Violation of children's rights

What to do and where to turn to if children's rights are violated during the war – answers to basic questions

  • Права дитини

прав дитини

Що робити та куди звертатися, якщо в умовах війни права дитини порушують – відповіді на основні запитання

I have seen a child without adults. What should I do?

  • Make sure the child is really unaccompanied. Maybe the adults just stepped away. Ask people around you if they know the child.
  • Ask the child what his/her name is and where he/she is from. Try to find out the last time he/she saw mom/dad or another adult who was with him/her.
  • Take the child to a warm and safe place where there are other adults (station waiting room, police station, volunteer centre). However, do not take them far, in case relatives are found. Do not leave the child alone.
  • Call 102, report the situation to the nearest police station or contact your local authorities. Don't forget to share the information you have learned about the child. If the child has got lost abroad, you can call the hotline 116 000

Important! In emergencies like martial law, a child is not considered an orphan or abandoned, even if there are no adults around. The child’s status is determined by state bodies. 

A child has been left without an adult during martial law in ukraine. What should I do?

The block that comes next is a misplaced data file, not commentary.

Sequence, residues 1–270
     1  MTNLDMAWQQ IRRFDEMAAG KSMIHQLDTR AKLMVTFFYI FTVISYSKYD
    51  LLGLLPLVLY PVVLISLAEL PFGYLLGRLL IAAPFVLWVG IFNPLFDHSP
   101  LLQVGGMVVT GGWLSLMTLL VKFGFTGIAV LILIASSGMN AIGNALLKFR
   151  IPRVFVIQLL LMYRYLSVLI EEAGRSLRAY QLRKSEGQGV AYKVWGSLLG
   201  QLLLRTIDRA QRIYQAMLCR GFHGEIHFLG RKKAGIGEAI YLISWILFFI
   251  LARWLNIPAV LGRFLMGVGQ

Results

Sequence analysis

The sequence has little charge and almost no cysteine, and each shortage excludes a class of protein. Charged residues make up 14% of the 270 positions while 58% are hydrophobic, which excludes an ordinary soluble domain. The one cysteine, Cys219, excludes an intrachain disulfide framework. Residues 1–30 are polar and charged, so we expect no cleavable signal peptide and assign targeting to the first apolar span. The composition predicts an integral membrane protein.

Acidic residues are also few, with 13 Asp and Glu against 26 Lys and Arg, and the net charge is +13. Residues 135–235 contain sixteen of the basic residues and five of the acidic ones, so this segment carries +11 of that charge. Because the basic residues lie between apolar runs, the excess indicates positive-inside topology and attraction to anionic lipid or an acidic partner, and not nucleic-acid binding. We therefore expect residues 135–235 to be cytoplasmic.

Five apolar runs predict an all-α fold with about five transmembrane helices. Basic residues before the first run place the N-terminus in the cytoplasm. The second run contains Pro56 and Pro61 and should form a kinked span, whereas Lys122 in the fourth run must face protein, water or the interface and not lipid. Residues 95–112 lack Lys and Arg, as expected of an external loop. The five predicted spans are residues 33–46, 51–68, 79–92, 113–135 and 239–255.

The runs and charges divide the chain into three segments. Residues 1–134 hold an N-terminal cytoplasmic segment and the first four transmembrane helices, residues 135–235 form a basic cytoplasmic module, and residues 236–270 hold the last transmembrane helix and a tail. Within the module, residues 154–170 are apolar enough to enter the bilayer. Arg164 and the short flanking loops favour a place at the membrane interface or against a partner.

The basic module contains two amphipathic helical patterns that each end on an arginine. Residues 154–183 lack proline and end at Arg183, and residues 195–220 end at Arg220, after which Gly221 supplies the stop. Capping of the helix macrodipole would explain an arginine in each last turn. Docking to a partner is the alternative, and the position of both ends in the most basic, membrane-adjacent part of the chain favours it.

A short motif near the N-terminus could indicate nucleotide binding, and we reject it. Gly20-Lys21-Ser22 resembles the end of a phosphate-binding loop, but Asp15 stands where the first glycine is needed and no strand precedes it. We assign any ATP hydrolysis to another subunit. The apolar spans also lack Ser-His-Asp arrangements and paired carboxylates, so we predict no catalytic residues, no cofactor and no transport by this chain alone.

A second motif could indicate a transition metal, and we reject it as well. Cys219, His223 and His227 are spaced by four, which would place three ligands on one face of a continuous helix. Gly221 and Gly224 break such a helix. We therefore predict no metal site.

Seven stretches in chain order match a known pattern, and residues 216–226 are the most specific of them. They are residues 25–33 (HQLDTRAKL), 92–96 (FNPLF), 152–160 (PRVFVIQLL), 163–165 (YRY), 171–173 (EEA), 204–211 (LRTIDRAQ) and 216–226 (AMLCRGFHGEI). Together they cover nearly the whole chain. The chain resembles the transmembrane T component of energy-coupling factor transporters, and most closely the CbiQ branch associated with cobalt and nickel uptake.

The child must be reported immediately to the National Police Department on 102 or to the Children's Affairs Service.

If you or the child is located outside Ukraine, you must immediately notify the Ukrainian consulate in your host country.

What are the signs of child trafficking?

  • The child's documents have been confiscated.
  • Mobile phones and other means of communication have been confiscated.
  • Emergency medical care, sleep, rest and meals have been refused.
  • There is restricted movement in the locality where the child is.
  • The child is being forced to live or work in locked rooms.
  • The child is forced to work or provide services, including sexual exploitation, through the use of physical violence, psychological pressure or manipulation.

I have witnessed child trafficking. What should I do?

  • Call the police on 102 or the 112 EU emergency number.
  • Contact non-governmental organizations that help victims of human trafficking in the country where you are now.
  • Contact the Ukrainian Embassy in the country where you are currently located.
  • Look for contacts on our ‘Useful tips’ page.